Facebook and the lost art of conversation

It's hard to pin down exactly what it is I don't like about Facebook – mostly because the damn thing changes shape every two weeks – but Daniel Howells makes a good point about how it's lost its personal focus over time, and conversation is no longer at the heart of it:

When I started using Facebook, I loved the fact that all the content on it was about my friends. Very simply and quickly, I could discover what they were up to, what they planned to do, or what they thought about stuff. The kinds of conversations that I had on the site were akin to the kind of conversations I might have in a pub.

In a pub, you talk about things that affect you, other people, or about things. The discussions and dialog you have is intrinsic sharing – sharing and discussing things that are very personal to you.

What you wouldn’t do is turn up to the pub with a bunch of DVDs, maybe some magazines, yesterday’s newspaper, and your Xbox. You also probably wouldn’t be standing there listening to Spotify on your iPhone. That’d just be rude.You then wouldn’t start handing these items out to other random people in the pub, often in total silence.

The increasingly undefined purpose of Facebook as a network just makes me appreciate things like Path even more. On there, you post updates about you, and that's it. No games, no videos, no external links (with the exception of music you're listening to, nobody trying to sell anything or point you to something interesting (that's what twitter is good for). Just good old harmless "this is what I did today" – it's a nice environment.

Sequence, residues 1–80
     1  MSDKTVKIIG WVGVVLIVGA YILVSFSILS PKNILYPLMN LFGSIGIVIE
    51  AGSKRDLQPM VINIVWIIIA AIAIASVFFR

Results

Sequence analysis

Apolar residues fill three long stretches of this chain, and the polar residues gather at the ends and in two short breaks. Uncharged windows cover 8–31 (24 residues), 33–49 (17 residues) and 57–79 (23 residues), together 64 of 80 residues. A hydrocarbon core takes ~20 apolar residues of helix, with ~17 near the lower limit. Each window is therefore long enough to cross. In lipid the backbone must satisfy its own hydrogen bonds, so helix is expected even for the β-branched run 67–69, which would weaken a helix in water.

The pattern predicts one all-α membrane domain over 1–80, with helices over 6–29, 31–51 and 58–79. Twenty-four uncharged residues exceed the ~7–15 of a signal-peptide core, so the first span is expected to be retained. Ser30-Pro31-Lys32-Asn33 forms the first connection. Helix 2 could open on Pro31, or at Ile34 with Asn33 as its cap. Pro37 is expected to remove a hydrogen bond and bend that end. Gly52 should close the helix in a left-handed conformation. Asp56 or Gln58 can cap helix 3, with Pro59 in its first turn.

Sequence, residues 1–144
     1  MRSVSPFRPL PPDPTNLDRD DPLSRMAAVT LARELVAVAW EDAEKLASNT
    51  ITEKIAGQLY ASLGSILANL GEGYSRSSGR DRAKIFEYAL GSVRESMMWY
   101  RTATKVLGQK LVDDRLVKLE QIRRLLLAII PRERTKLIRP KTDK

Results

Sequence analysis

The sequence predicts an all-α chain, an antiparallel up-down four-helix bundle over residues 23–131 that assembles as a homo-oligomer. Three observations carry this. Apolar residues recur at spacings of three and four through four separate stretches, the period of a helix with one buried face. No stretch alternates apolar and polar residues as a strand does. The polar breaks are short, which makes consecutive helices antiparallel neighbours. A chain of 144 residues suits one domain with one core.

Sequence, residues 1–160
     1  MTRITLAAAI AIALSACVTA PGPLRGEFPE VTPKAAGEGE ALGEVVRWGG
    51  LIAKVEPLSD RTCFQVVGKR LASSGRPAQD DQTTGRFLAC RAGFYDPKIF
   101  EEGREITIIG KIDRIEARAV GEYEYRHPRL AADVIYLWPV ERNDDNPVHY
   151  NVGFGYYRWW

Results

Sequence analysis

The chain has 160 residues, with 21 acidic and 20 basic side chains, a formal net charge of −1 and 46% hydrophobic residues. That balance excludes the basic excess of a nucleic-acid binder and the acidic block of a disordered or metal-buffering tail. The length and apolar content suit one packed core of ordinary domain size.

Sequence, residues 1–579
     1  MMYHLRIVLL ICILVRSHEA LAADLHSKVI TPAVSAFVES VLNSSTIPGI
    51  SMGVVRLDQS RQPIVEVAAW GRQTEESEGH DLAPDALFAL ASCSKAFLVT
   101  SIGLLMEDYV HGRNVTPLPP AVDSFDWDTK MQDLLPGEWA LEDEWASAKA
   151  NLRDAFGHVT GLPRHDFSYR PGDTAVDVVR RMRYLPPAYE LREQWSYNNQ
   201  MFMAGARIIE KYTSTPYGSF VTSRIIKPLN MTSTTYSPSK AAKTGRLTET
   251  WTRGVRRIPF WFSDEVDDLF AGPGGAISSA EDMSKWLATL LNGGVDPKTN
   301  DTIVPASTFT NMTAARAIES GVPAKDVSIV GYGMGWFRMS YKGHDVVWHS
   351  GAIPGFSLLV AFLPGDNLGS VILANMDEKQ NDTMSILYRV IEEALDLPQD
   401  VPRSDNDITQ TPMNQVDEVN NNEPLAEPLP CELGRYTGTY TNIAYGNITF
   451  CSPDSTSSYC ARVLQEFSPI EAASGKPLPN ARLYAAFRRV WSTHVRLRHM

(Unfortunately it's a pub that people may have heard of, but they're not entirely sure how to get to it, or where the entrance is, or whether it has that weird "new pub" smell inside.)

To extend Daniel's metaphor, Path is a comfy booth next to the fireplace in the pub with your mates, just having a nice sit down (and there's nothing better than a good sit down, is there?). Twitter is going for drinks after your favourite conference, where you meet lots of like-minded people who you find yourself wildly gesticulating at whilst trying to hold five conversations at once about ephemeral yet fascinating things.

And Facebook? It isn't a pub any more. Facebook is like being shouted at in a supermarket.